5

I have the following HTML elements:

<div class="class1 class2 class3">
    <div class="innerClass">
    </div>
</div>

I want to apply style to innerClass which is in classes : class1, class2 , class3 no more no less. I mean if there is innerClass in element with classes class1, class2 the style should't be applied and if I have innerClass in element with classes class1, class2 , class3 , class4 it shouldn't be applied either.

  • what a confusing question...:( – Anoop LL Feb 23 '16 at 14:11
  • what style you will try to apply? – Sudharsan S Feb 23 '16 at 14:13
  • Look into sub classes and next time you post please post relevant code (Something you've tried towards the solution.) – Tim Troiano Feb 23 '16 at 14:13
  • 1
    @AnoopLL it's not confusing, OP is asking how to apply CSS to innerClass when its parent has exactly the 3 classes mentioned. – Aziz Feb 23 '16 at 14:15
  • 1
    possible with the CSS attribute selector (see my answer) – Aziz Feb 23 '16 at 14:21
10

You can do this with the CSS Attribute selector

The [attribute] selector is used to select elements with a specified attribute.

div[class="class1 class2 class3"] .inner {padding:1em; background:red;}
<div class="class1 class2 class3">
  <div class="inner"></div>
</div>

<div class="class1 class2 class3 class4">
  <div class="inner"></div>
</div>

<div class="class3 class4">
  <div class="inner"></div>
</div>

Reference: https://developer.mozilla.org/en-US/docs/Web/CSS/Attribute_selectors (added by: Chris Bier)


Edit: As pointed about in the comments by Sidney Liebrand, this approach assumes that the order of the classes is exact and therefore will not work when the order is the following: class="class2 class3 class1". One way to solve this is to just add each order combination possible in the rule, like so:

div[class="class1 class2 class3"] .inner,
div[class="class1 class3 class2"] .inner,
div[class="class2 class1 class3"] .inner,
div[class="class2 class3 class1"] .inner,
div[class="class3 class1 class2"] .inner,
div[class="class3 class2 class1"] .inner {
 padding:1em; background:red;
}

But as you can see, this is not efficient at all so you'll have to make sure the order is correct or resort to a javascript solution.

  • 1
    Why the downvotes? – Aziz Feb 23 '16 at 14:14
  • 1
    wasn't me but I'm guessing it's because this would apply to the child if the parent element also had the class4 (I was also wondering why the downvote and had to read the question again) – Pete Feb 23 '16 at 14:15
  • 1
    I didn't downvote, but can you really understand that question? – Chris Bier Feb 23 '16 at 14:15
  • 1
    I see, you are right. I'll revise it @Pete – Aziz Feb 23 '16 at 14:16
  • 7
    @Aziz this does quite a good job if the classes are correctly applied but if for instance the classes are like this: class2 class1 class3 then you're not going to get your styles applied either so it would be very structurally limited ;) – SidOfc Feb 23 '16 at 14:21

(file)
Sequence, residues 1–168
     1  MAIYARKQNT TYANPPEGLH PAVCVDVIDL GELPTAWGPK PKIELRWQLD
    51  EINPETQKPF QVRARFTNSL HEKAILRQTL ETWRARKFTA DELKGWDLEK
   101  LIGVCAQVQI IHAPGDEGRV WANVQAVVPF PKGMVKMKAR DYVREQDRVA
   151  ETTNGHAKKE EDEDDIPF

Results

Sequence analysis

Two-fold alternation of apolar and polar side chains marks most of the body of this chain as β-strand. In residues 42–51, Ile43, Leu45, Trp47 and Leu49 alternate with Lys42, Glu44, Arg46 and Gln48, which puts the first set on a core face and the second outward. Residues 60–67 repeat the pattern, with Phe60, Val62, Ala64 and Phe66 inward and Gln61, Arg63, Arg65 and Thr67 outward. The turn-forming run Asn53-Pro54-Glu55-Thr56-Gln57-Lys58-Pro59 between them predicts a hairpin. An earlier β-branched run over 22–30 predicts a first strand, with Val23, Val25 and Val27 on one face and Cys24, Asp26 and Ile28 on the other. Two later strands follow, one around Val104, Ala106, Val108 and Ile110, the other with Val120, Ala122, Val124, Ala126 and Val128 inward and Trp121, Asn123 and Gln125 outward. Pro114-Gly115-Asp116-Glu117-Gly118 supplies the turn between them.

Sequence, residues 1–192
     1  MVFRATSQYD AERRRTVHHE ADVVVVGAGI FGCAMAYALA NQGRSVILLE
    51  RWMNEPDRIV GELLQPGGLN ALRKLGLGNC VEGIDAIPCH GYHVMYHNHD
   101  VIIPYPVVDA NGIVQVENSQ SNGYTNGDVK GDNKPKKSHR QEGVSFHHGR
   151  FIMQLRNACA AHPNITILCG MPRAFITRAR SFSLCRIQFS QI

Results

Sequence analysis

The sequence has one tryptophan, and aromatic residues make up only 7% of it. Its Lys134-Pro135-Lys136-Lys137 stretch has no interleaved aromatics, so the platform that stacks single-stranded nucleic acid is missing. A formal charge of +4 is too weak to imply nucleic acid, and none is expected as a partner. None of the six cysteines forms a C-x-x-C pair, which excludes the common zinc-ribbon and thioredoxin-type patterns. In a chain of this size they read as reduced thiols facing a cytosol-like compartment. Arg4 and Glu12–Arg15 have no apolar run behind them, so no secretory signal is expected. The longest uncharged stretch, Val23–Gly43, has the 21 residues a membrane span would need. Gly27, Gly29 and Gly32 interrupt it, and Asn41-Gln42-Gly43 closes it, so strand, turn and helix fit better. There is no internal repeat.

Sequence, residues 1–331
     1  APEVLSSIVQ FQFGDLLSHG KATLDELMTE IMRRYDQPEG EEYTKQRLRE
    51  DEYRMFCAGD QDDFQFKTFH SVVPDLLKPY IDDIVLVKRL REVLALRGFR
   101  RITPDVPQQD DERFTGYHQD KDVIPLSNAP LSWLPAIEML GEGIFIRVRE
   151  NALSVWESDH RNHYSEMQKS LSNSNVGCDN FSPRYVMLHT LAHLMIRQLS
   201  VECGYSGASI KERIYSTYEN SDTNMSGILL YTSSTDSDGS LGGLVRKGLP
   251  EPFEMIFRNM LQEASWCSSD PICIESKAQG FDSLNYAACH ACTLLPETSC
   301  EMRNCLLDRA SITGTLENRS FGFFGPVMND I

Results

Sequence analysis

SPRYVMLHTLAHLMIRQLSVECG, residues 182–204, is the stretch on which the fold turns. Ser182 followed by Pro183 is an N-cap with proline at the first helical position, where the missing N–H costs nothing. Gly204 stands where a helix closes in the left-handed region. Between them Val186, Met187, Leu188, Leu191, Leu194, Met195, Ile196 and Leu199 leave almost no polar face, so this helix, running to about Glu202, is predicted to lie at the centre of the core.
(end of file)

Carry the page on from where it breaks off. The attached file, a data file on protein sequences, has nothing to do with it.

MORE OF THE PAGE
4

If order of classes is quite randomized, you could filter it using:

$('.class1.class2.class3').filter(function(){
   return this.classList.length === 3;
}).find('.innerClass').css({prop: value});

You could find polyfill for older browser regarding classList support or just split className.

  • 1
    hahaha, completely didn't see the jquery tag! – Pete Feb 23 '16 at 14:47
1

You'd combine the classes like this:

.class1.class2.class3 .innerClass {

}
  • 2
    What's up with the downvotes? – Zim Feb 23 '16 at 14:16
  • 3
    Some crazy user out there! – Pmpr Feb 23 '16 at 14:18
  • 2
    Yeah, someone is in a bad mood today. Anyway my answer is wrong based on the confusing question so I'm revising. – Zim Feb 23 '16 at 14:21
  • 3
    @aziz solution is the only way as wildcard selector won't work – Zim Feb 23 '16 at 14:23
1

Aziz posted the best answer in my opinion, but here is another way to do it.

.class1.class2.class3:not(.class4) .innerClass {
       /* Style here */
}

https://developer.mozilla.org/en-US/docs/Web/CSS/:not

This is only supported by IE9+

  • 1
    and if there is class5? – Aziz Feb 23 '16 at 14:17
  • Just continue adding :not pseudo classes for all cases. It seems like that OP has little to no control over the CSS which is clearly a problem and will make for messy CSS – Chris Bier Feb 23 '16 at 14:19
1

Here it is. There is an issue, that you can notice on the 3rd square 'same mixed': it only works if the classes are writen on this order.

div[class='class1 class2 class3'] > .innerClass { 
  background-color: gold;
}

.innerClass {
  margin:5px;
  width:100px; 
  height:100px;
  float:left
}
<div class="class1 class2">  
<div class="innerClass" style="outline:2px solid black">one class less</div>
</div>

<div class="class1 class2 class3">
<div class="innerClass" style="outline:2px solid black">exact classes</div>
</div>

<div class="class2 class3 class1">
<div class="innerClass" style="outline:2px solid black">same mixed</div>
</div>

<div class="class1 class2 class3 class4">
<div class="innerClass" style="outline:2px solid black">one class more</div>
</div>

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